Front Page Titles (by Subject) CHAPTER XCV.: flosi goes abroad. - The Story of Burnt Njal
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CHAPTER XCV.: flosi goes abroad. - Burnt Njal, The Story of Burnt Njal 
The Story of Burnt Njal. The Great Icelandic Tribune, Jurist, and Counsellor, translated from the Njals Saga by the Late Sir George Webbe Dasent. With Editor’s Prefatory Note and Author’s Introduction. Hon. Rasmus B. Anderson, Editor in Chief (London: Norroena Society, 1907).
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flosi goes abroad.
Now Flosi rides east to Hornfirth, and most of the men in his Thing followed him, and bore his wares east, as, well as all his stores and baggage which he had to take with him.
After that they busked them for their voyage, and fitted out their ship.
Now Flosi stayed by the ship until they were “boun.” But as soon as ever they got a fair wind they put out to sea. They had a long passage and hard weather.
Then they quite lost their reckoning, and sailed on and on, and all at once three great waves broke over theirship, one after the other. Then Flosi said they must be near some land, and that this was a ground-swell. A great mist was on them, but the wind rose so that a great gale overtook them, and they scarce knew where they were before they were dashed on shore at dead of night, and the men were saved, but the ship was dashed all to pieces, and they could not save their goods.
Then they had to look for shelter and warmth for themselves, and the day after they went up on a height. The weather was then good.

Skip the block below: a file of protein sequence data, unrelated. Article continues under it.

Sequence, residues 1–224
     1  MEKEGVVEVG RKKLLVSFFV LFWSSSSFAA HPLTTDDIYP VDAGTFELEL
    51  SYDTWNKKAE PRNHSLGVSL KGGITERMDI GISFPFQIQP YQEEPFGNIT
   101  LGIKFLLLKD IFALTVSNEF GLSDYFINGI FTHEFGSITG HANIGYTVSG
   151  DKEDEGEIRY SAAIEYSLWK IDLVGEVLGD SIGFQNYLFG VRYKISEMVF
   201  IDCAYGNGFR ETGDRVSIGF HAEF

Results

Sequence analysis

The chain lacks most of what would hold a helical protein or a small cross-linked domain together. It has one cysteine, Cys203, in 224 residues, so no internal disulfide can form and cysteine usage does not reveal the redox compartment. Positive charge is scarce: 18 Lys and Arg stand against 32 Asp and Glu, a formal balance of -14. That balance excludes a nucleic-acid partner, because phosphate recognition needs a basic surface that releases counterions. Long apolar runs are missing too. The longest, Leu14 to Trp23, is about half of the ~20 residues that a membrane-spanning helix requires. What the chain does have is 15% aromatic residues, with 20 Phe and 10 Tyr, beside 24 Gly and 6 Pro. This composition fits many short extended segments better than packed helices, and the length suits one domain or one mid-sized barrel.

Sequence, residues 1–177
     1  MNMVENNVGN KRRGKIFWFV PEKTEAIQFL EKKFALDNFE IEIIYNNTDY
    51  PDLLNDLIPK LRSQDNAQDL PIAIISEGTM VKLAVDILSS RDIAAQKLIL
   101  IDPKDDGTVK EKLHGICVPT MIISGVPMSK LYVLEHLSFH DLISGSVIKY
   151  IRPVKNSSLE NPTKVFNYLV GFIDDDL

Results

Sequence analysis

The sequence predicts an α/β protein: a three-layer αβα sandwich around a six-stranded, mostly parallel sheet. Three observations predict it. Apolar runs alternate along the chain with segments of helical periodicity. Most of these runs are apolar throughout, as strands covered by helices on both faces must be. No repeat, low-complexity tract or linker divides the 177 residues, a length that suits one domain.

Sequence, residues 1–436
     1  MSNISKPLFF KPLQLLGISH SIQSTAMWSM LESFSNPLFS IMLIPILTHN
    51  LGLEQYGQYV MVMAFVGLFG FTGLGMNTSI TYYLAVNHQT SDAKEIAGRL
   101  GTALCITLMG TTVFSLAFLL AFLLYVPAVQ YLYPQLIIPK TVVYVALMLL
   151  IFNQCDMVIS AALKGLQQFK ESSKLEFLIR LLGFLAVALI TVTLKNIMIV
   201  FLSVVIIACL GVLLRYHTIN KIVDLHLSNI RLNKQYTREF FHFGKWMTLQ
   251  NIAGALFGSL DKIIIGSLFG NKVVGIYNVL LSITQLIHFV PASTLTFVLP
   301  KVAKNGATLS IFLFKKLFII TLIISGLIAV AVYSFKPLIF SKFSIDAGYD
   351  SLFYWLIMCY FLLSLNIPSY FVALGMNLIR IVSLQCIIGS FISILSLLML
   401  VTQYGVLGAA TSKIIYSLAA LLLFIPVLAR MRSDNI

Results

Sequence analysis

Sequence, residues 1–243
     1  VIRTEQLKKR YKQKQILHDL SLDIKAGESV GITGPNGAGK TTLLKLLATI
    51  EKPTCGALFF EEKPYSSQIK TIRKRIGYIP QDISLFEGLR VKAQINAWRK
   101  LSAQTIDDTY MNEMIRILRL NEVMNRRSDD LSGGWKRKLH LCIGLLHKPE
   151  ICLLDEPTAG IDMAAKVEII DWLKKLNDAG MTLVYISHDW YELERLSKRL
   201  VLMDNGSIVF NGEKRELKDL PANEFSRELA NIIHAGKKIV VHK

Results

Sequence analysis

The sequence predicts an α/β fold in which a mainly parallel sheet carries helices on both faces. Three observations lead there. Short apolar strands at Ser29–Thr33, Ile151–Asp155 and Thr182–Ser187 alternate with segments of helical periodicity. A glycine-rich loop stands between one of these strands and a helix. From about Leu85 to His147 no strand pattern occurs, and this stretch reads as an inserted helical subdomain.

Flosi asked if any man knew this land, and there were two men of their crew who had fared thither before, and said they were quite sure they knew it, and, say they—
“We are come to Hrossey in the Orkneys.”
“Then we might have made a better landing,” said Flosi, “for Grim and Helgi, Njal's sons, whom I slew, were both of them of Earl Sigurd Hlodver's son's bodyguard.”
Then they sought for a hiding-place, and spread moss over themselves, and so lay for a while, but not for long, ere Flosi spoke and said—
“We will not lie here any longer until the landsmen are ware of us.”
Then they arose, and took counsel, and then Flosi said to his men—
“We will go all of us and give ourselves up to the Earl; for there is naught else to do, and the Earl has our lives at his pleasure if he chooses to seek for them.”
Then they all went away thence, and Flosi said that they must tell no man any tidings of their voyage, or what manner of men they were, before he told them to the Earl.
Then they walked on until they met men who showed them to the town, and then they went in before the Earl, and Flosi and all the others hailed him.
The Earl asked what men they might be, and Flosi told his name, and said out of what part of Iceland he was.
The Earl had already heard of the Burning, and so he knew the men at once, and then the Earl asked Flosi— “What hast thou to tell me about Helgi Njal's son, my henchman?”
“This,” said Flosi, “that I hewed off his head.”
“Take them all,” said the Earl.
Then that was done, and just then in came Thorstein, son of Hall of the Side. Flosi had to wife Steinvora, Thorstein's sister. Thorstein was one of Earl Sigurd's bodyguard, but when he saw Flosi seized and held, he went in before the Earl, and offered for Flosi all the goods he had.
The Earl was very wroth a long time, but at last the end of it was, by the prayer of good men and true, joined to those of Thorstein, for he was well backed by friends, and many threw in their word with his, that the Earl took an atonement from them, and gave Flosi and all the rest of them peace. The Earl held to that custom of mighty men that Flosi took that place in his service which Helgi Njal's son had filled.
So Flosi was made Earl Sigurd's henchman, and he soon won his way to great love with the Earl.